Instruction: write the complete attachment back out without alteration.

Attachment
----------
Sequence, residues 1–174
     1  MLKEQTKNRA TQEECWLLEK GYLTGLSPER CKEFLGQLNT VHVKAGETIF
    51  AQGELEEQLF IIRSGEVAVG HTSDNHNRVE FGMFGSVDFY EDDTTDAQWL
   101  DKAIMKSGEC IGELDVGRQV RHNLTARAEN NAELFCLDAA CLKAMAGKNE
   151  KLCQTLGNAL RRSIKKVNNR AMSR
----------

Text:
Sequence, residues 1–174
     1  MLKEQTKNRA TQEECWLLEK GYLTGLSPER CKEFLGQLNT VHVKAGETIF
    51  AQGELEEQLF IIRSGEVAVG HTSDNHNRVE FGMFGSVDFY EDDTTDAQWL
   101  DKAIMKSGEC IGELDVGRQV RHNLTARAEN NAELFCLDAA CLKAMAGKNE
   151  KLCQTLGNAL RRSIKKVNNR AMSR